Bledsoe was raw during his first season, and injured for a good portion of his second. When he saw floor time, Bledsoe was a frenetic blur and his ball hawking showed up in the Clippers’ numbers, where a below-average defensive team was 8.5 points stingier per 100 possessions with Bledsoe on the court.

For many, the introduction to Bledsoe came during the Clippers’ first-round playoff series with Memphis last spring. Stuff like this is routine for Bledsoe now, but the Memphis series was the first time most NBA fans saw a 6-foot-1 guard block a 6-foot-10 big man at the rim. Bledsoe also tortured Mike Conley, who posted a plus-48 with Bledsoe on the bench, but a minus-34 when Bledsoe was on the court over the seven games.

There are few better ways to obtain cult status than to be denied rightful playing time. The #Free hashtag begins to surface before a player’s name, as it did in that series for Bledsoe, who played seven and six minutes respectively in the Clippers’ Game 2 and Game 5 losses. With Randy Foye struggling on both ends and Bledsoe’s influence obvious, what started out as a clarion call became a full-fledged campaign for Bledsoe among fans as well as management, which fed the coaching staff the numbers.

Seven months later, Bledsoe has a devoted, even fanatical following. He’s the rare NBA player who is a darling to both statheads who value data and basketball mystics who live for the improbable. The overlap between “daredevilish” and “efficient” in the NBA Venn Diagram is a small space, but Bledsoe resides there -- and his niche appeal is becoming something much larger.

Teammates nicknamed Bledsoe "Mini LeBron" and Chris Paul’s father calls him "Little Hercules," though the best prototype for Bledsoe might be Dwyane Wade, a relentless, slashing attacker who leverages his strength to exploit his quickness, and vice versa.

Like Wade, Bledsoe takes a ton of chances on both ends of the floor, but has both the instincts and athleticism to offset that risk. Gamble in the passing lane, but come up empty? No worries, because Bledsoe can recover, even if it means absorbing a bump or three in traffic as he races to catch up with his man at the rack. If Bledsoe’s bet is successful -- and nobody in the NBA has had more success this season -- then it pays out.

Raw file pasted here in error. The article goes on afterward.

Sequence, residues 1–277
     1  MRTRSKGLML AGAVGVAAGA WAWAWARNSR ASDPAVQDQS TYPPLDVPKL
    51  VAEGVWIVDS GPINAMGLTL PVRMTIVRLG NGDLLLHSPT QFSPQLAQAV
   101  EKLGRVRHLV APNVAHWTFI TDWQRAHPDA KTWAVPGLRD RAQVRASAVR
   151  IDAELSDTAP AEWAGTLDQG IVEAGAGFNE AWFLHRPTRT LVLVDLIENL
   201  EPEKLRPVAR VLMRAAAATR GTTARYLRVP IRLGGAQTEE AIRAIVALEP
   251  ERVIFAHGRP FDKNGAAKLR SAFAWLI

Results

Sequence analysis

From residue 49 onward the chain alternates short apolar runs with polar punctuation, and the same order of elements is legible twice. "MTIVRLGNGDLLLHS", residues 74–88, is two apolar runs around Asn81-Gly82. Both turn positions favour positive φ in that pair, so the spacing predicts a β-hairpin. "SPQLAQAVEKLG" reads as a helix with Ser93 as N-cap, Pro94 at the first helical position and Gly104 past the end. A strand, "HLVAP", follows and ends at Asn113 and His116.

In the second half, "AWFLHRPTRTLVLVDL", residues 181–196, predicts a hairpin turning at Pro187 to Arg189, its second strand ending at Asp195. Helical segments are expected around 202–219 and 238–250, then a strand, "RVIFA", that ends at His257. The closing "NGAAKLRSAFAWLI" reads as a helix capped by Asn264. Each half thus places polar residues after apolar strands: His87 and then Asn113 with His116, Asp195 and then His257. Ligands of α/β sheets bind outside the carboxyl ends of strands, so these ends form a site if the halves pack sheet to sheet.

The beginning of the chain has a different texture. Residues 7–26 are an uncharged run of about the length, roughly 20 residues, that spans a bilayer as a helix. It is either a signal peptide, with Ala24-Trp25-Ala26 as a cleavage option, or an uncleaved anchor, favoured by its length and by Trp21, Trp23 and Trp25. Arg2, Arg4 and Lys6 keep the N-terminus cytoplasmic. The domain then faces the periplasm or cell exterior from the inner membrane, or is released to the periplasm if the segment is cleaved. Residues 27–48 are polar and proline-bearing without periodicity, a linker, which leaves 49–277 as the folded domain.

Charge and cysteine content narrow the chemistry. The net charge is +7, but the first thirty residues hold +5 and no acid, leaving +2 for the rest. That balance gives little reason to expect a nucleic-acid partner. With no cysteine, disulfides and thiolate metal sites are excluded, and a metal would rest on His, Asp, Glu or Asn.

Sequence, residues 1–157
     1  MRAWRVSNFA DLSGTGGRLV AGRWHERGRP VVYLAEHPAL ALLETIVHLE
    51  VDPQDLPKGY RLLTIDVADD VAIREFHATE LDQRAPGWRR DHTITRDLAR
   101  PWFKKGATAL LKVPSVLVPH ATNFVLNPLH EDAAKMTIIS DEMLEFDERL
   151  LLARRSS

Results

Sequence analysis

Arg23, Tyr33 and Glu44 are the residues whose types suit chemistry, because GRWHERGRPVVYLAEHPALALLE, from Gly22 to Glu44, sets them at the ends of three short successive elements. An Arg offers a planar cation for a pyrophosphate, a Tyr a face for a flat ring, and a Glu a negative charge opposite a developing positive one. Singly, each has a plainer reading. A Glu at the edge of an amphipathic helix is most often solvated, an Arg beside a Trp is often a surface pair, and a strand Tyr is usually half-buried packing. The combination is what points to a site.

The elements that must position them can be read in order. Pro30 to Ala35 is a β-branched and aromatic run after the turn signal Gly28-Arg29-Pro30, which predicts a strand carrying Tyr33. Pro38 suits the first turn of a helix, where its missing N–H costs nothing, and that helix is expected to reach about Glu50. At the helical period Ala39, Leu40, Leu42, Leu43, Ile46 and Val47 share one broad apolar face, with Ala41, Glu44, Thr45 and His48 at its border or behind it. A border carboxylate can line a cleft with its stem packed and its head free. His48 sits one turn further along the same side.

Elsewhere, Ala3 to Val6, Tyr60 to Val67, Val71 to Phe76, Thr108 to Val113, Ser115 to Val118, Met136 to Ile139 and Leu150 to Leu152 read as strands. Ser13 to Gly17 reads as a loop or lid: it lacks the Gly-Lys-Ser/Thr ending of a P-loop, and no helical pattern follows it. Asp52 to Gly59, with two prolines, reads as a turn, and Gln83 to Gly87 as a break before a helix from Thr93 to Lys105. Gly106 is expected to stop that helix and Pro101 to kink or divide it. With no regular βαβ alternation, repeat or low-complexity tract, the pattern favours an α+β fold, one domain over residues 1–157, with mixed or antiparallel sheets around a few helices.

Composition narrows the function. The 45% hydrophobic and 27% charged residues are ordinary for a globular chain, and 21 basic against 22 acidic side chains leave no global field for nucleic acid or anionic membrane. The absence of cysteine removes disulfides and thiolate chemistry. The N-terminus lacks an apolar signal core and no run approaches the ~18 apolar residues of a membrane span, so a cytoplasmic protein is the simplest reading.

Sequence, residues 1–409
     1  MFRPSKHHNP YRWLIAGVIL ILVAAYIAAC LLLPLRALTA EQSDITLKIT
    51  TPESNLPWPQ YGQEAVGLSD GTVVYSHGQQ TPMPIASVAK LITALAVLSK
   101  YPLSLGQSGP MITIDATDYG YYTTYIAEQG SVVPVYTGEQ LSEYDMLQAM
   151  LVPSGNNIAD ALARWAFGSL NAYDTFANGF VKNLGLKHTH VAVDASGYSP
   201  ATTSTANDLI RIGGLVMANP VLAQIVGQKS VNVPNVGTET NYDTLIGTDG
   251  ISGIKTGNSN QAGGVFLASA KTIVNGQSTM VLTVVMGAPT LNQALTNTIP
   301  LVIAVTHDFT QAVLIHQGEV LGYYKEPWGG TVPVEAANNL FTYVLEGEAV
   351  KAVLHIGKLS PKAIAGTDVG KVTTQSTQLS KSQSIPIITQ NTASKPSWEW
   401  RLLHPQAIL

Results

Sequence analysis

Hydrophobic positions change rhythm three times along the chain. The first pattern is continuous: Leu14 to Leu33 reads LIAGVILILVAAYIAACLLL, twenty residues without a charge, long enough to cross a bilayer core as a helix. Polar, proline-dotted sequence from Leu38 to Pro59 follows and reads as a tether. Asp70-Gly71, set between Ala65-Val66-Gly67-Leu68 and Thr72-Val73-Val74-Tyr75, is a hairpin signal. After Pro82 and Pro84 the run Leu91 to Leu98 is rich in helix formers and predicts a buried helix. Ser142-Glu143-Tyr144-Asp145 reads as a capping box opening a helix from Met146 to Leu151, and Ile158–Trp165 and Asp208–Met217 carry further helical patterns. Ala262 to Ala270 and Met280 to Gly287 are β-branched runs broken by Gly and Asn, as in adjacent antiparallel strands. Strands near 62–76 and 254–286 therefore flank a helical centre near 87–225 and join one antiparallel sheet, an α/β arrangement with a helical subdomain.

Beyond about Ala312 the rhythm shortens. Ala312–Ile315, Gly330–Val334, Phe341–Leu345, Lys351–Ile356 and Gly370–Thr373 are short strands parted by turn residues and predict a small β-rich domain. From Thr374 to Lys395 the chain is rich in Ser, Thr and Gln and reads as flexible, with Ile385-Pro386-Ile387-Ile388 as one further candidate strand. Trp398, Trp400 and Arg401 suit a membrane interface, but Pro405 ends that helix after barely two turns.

Fans love risk-takers because risk produces uncertainty, and uncertainty produces suspense and suspense is why we tune in to games, follow a good drama series and tolerate electoral politics.

But NBA coaches aren’t fans. They’re men who want to know what they’re going to get from a ballplayer, and they’re slow to trust someone whose game precipitates unpredictability. If a coach has conventional sensibilities about the NBA game, then he probably wants his perimeter players to be able to stretch the floor with the threat of a long-range shot.

Bledsoe offers Vinny Del Negro -- or any coach he plays for -- none of that comfort. As part of a backcourt already populated by Chris Paul, Jamal Crawford, Chauncey Billups (when healthy) and Willie Green (when Billups isn’t), Bledsoe is averaging only 18.6 minutes per game, despite excelling in whatever metric you want to look at -- basic per minutes stats, Player Efficiency Rating (PER), plus-minus, offensive and defensive rating per 100 possessions, win shares per 48 minutes, etc.

Del Negro has a lot of mouths to feed on the league’s deepest roster, and it’s not as if the current rotation isn’t working. The Clippers enter Tuesday night’s game at Chicago at 14-6, and rarely field a lineup that's given up more points than it has allowed this season. Increasingly over the past week, the starters have played as an intact unit, as have the reserves, including Bledsoe. There’s a certain symmetry to the substitution patterns, which is probably helpful in a locker room where individual expectations with regard to minutes have to be tempered.

Necessity is the mother of invention, and a .700 winning percentage tends to solidify patterns, not upend them. The Clippers are going to win a lot of games this season whether Bledsoe plays 14, 18, 24 or 30 minutes. Del Negro isn’t looking for excuses to take minutes away from a veteran and hand them to Bledsoe. But if Del Negro wants a reason, sliding some of Green’s minutes to Bledsoe would undoubtedly improve the Clippers’ woeful rebounding numbers. Bledsoe ranks second to only Kyle Lowry in rebounding rate among point guards (and would actually place in the top 5 among regulars at the shooting guard position, where you can find Green in the bottom quarter).

Maybe one day, an uncertain situation will call for an unknown quantity. In the meantime, Bledsoe presides as the NBA’s most exciting novelty act. The scarcity of his court time lends even more appeal to his pursuit of thievery, mid-air suspension, driving jams and the chaos that invariably triggers those outbursts of spontaneity -- moments more conducive to risk than control.

The Clippers restore order

December, 2, 2012
12/02/12
2:36
AM ET
Arnovitz By Kevin Arnovitz
ESPN.com
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LOS ANGELES -- It didn’t matter that the Los Angeles Clippers’ 116-81 blowout victory came against a Sacramento Kings team a whose rotation is a head-scratcher, whose best passer is 6-foot-6 backup center, and whose energy and resolve were left on the team bus.

“We needed a win like that,” Blake Griffin said. “To be what I thought was pretty good from start to finish, it’s good for our confidence.”

After running out to an 8-2 start that included wins over Miami, San Antonio (home and away), Memphis and the Lakers, the Clippers have staggered over the past 10 days. They dropped four straight games before recovering on Wednesday night with a sloppy win over Minnesota at Staples Center.


Andrew D. Bernstein/NBAE/GettyBlake Griffin: Flying high.